The Times - May 4th 2009
If revenge is a dish best served cold, then Lance Forman is in the right business. After four years of fighting the bureaucrats who threatened his livelihood, the owner of Britain's oldest salmon smokery is preparing to feed them from his front-row seat at the London Olympic Games.
The irony is as delicious as the wild smoked salmon produced in his factory, aptly perched on Fish Island on the edge of the 500-acre Olympic Park after the biggest and most controversial forced relocation in Britain.
Mr Forman is thriving, but dozens of his former neighbours are less fortunate. Nearly 200 businesses had to move and scores were affected adversely. More than a third are awaiting full reimbursement. Mr Forman said that he survived only because he was “a huge thorn in the side” of the London Development Agency (LDA).
So, although the spot formerly occupied by H. Forman & Son, whose customers include Fortnum & Mason, the House of Lords and YO! Sushi, is destined to be the Royal Box in the 80,000-capacity stadium, his new riverside premises offer an unbeatable perspective of the developing Olympic Park landscape.
His restaurant, which opened this month, could hardly be closer to the 9.3 billion pound project. From his unique vantage point, he could throw a canape at the spot earmarked for VIP and sponsor tents and the roof terrace would be a perfect cocktail reception venue for Olympic bigwigs during the Games.
“There's nowhere else to eat round here,” Mr Forman said while surveying the bleak industrial landscape bordering the park in Stratford. “We have the best view. For many people, this will be their first glimpse of the stadium.” What better way to enjoy it than with a crisp glass of Chapel Down and the best of British food, including 20 types of cured salmon, scallops, duck and caviar prepared by a Roux-trained chef?
One of his first bookings is from the blue-badge guides coming to the area in advance of the Olympic tourists. And, with 2012 organisers keen to limit food miles as part of their green strategy, he may even end up an official supplier. It would cap a remarkable turnaround for Mr Forman, whose immigrant great-grandfather founded the business in 1905.
“People say we've done very well out of this, but there were four bad years when the economy was booming,” he said. “Now we are playing catch-up in a recession.”
Mr Forman was rewarded for his perseverance. “There was a time when I thought it was the end, but I would never have given up,” he said. “In a funny way, I think they have some respect for us not keeling over.” Other businesses forced out by the Government's compulsory purchase order (CPO) scheme relocated from Stratford, where business rates trebled. Some shut up shop altogether: Javed Iqbal, who ran an auto parts business, returned to his native Pakistan; Seamus Gannon sold his concrete recycling company eight months after moving to an unsuitable site, accusing the LDA of a “Mafia-style” approach.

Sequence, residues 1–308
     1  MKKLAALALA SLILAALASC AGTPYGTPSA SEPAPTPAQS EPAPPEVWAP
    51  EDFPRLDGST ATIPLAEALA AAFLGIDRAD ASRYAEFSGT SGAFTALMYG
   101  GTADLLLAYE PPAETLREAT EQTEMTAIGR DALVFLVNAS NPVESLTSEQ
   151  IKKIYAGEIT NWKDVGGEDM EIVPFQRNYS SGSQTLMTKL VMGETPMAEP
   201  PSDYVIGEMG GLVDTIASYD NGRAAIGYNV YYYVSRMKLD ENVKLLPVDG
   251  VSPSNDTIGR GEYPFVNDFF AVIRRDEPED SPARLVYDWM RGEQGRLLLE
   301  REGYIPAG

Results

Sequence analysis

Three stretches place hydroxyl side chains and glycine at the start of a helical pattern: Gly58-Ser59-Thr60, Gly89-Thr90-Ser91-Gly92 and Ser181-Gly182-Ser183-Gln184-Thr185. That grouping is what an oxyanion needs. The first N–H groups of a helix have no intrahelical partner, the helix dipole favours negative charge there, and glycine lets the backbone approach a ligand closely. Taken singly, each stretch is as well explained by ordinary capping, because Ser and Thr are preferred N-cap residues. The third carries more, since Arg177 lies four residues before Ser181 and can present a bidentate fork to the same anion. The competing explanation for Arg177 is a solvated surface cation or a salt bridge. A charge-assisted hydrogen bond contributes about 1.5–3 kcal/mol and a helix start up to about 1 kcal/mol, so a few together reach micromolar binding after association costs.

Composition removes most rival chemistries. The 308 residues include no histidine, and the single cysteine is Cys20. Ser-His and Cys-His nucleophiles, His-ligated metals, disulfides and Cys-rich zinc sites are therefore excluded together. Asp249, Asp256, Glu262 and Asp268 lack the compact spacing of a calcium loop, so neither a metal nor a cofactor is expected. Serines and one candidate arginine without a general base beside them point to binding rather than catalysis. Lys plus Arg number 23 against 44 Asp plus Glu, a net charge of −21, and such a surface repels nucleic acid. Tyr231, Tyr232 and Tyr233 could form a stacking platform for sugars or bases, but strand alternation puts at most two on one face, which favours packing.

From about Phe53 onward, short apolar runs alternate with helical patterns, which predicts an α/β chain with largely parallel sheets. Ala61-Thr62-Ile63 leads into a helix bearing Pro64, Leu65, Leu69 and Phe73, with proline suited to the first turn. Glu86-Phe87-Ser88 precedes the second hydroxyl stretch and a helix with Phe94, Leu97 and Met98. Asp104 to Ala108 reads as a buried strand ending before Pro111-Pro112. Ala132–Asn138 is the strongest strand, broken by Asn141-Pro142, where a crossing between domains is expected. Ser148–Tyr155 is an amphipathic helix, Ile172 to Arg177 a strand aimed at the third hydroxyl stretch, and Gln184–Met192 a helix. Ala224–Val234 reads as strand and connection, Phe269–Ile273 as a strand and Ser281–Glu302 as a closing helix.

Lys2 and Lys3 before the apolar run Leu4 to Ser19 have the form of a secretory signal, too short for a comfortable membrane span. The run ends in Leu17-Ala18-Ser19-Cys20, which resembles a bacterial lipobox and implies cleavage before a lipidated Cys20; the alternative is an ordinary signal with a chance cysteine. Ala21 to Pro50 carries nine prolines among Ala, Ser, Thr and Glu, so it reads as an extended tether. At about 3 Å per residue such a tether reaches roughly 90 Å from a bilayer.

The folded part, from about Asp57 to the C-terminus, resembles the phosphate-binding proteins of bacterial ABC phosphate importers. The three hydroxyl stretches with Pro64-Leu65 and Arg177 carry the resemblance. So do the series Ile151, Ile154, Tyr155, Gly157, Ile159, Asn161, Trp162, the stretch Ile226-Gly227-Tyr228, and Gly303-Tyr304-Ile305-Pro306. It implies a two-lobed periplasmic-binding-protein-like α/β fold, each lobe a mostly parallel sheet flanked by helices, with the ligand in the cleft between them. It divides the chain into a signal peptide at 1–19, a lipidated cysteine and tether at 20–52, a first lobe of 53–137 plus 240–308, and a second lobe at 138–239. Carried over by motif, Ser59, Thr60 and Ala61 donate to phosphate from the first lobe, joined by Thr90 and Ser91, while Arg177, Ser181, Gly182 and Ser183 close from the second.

A carpenter, who asked not to be named, accepted 50,000 pounds to move away. “It killed my business,” he said. “I wanted to carry on, but unless you had big-boy lawyers on your side, you stood no chance.”
Kam Johal, managing director of JG Belts, a fashion accessories manufacturer, claimed that he was 100,000 pounds out of pocket. He was one of 193 businesses affected by the CPO order and among the 76 still owed compensation for removal costs and disrupted trade.
Mr Johal said that in Stratford he had a 30-year lease that cost him £120 a week in rent. For the same space in Barking, he is paying 400 pounds a week. He agreed a settlement with the LDA three years ago but said that he was still owed money.
“I ring them every day,” he said. “Our business is really suffering, especially now. Orders are down and customers are going bust. It's been touch and go and I have been thinking about closing down.”
The LDA said that JG Belts received a five-figure sum in October 2006, under a statutory requirement for 90percent of the initial valuation to be paid in advance. It is reviewing a further six-figure claim lodged four months ago.
“It can take years for loss-of-profit claims to be finally submitted,” an agency spokesman said. “It is up to the business to decide when to receive its full and final settlement. A lot are waiting until they can see the difference the move has made.”
Businesses unhappy with their valuations can appeal to the Lands Tribunal. So far, only one case has been referred and the claim was unsuccessful.
Mike Brundle, who runs a fifth-generation family steel products company, relocated to Essex successfully. “We've survived both world wars and an Olympics, but it was no thanks to the Government,” he said.